Thoroughly enjoyed the five day safari I did with Tanzania Experience. Though I booked the trip via African Budget Safaris, the actual tour operator was Tanzania Experience. Our vehicle was great, our tour guide was awesome, and the accommodation and food were superb and even better than I was expecting. Saw the “big five” animals, although the elusive rhino was difficult to find and when we finally did see it at the bottom of the Ngorongoro Crater it was from a far distance…I could just make out the silhouette of the rhino by staring hard into my binoculars.
Highlights of the trip…
Hippos. What funny looking creatures. Quite deadly apparently…though when you see them, it’s hard to imagine how they can be so deadly. One of my new faves. Their rolly polly bodies, sitting in shit festered waters, and their tendency to wag their tails and start fighting with each other was quite an amusing sight. We stood in our Land Cruisers, with the top raised, calmly observing these wild animals on quite a few occasions.
The beautiful and unique lodges & tented camps that we stayed in. The first night, we stayed at the Lake Burunge Tented Camp. Wow. What a set-up. Large, multi-roomed “tents” with sinks, flushing toilers, showers, set-up on a beautiful site overlooking the lakeshore. This was definitely a place to come as a couple. I wished Alison could have at least have been there with me, but instead I had the huge tent-room to myself. The sounds of the animals outside throughout the night kept me up a lot, but it was nice to wake up and hear and see the little mini deer-like Digdigs scuttling around outside.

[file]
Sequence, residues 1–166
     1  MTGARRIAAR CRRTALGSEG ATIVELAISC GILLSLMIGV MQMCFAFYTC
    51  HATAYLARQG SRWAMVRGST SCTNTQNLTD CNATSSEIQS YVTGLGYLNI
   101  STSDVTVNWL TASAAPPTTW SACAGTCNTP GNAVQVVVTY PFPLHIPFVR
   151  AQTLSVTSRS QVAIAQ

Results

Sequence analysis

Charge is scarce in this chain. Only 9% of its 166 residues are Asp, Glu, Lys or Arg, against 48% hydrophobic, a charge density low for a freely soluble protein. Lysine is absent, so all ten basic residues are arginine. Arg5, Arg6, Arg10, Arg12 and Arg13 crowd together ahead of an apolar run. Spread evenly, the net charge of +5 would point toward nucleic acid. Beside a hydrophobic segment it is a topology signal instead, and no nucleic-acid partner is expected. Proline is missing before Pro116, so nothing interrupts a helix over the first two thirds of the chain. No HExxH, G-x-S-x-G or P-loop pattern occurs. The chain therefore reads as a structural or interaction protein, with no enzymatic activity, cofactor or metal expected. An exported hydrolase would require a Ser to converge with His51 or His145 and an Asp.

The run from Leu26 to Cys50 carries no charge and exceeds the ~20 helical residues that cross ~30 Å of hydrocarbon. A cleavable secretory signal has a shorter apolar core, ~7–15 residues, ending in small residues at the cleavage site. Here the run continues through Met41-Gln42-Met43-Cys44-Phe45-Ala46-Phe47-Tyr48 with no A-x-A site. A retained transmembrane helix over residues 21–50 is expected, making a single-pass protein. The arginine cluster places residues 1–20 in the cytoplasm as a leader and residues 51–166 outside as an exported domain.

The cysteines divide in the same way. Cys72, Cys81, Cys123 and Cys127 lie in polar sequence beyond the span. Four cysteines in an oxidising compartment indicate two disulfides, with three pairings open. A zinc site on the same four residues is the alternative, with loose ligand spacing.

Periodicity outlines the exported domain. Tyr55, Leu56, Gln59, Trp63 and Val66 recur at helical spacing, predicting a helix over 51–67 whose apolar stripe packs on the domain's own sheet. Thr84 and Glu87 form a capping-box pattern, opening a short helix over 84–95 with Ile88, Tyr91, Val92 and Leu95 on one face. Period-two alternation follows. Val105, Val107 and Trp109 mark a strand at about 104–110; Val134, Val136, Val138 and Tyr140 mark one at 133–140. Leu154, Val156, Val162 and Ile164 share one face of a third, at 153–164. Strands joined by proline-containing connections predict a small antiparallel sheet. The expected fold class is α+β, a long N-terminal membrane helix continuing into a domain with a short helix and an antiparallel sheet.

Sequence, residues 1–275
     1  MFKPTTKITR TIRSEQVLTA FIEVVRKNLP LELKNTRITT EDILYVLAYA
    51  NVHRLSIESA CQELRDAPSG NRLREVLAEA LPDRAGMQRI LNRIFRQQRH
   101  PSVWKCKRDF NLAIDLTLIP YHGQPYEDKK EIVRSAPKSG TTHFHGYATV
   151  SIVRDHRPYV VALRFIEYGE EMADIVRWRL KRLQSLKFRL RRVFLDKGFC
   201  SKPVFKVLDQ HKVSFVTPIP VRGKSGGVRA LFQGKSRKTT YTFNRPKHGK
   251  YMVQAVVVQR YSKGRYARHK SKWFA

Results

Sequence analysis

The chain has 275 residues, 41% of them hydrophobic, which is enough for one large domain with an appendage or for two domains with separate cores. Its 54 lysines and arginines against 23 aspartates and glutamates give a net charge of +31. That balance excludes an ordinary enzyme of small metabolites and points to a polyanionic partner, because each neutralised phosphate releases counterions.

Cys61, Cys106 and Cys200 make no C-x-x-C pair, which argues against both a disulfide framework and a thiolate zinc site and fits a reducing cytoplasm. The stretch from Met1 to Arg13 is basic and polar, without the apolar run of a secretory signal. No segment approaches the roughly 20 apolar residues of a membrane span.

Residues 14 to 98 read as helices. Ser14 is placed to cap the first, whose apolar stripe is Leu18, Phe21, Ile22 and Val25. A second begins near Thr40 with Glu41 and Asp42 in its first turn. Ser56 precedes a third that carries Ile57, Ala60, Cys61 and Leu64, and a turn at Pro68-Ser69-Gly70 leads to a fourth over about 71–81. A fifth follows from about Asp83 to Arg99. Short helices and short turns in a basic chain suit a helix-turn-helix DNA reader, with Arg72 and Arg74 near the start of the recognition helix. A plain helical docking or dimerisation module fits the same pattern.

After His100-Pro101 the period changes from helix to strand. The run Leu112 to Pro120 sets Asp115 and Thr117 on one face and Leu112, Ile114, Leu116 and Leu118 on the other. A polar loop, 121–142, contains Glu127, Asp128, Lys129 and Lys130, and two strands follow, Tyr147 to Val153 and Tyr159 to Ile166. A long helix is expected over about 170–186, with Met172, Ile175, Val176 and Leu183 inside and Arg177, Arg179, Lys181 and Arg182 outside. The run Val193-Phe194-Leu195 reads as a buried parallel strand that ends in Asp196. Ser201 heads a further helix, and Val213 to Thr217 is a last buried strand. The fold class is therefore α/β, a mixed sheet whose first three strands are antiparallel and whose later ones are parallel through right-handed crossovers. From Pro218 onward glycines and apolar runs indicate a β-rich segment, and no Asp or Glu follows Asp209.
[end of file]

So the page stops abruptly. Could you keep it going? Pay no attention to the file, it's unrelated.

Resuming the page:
The Serengeti. A huge swathe of land, mostly flat. We spent two days game driving through the Serengeti and the landscape and scenery are etched in my mind forever. Because it’s so flat, we could see way far ahead…and the entire horizon was dotted with thousands of zebra, gazelles, and wildebeest. It’s a different world and I was in awe of this planet, and so grateful that we can still come and see and appreciate animals in their habitats.
At night, making our way to the Kati Kati tented camp, we relied on our guide’s incredible navigation skills to find our way back. Winding slowly through the dusky bushes, turning corners to find ourselves looking at giraffes and even a few elands (shy creatures), being watched from above by eagles perched on the tops of the trees. His internal GPS was spot on and we managed to pull up to the camp site. Manned by some employees and a few Maasai, the campsite was comfortable, though not permanent and luxurious like the one at Lake Burunge. My tent had two beds, a sink, and a little shower that required water to be manually carried by the workers and loaded to the tank.
The Maasai people of the region. A nomadic group, widely spread across this region, they’re polygamists, live in little hut villages built by their women, and live off a diet of raw meat, milk, and blood all from cattle. We learned that the Maasai tradition involves both male AND female circumcision. Yikes. We visited a Maasai village and for a small fee, they gave us a tour of the village, involved us in a traditional dance, and let us use their traditional toilet!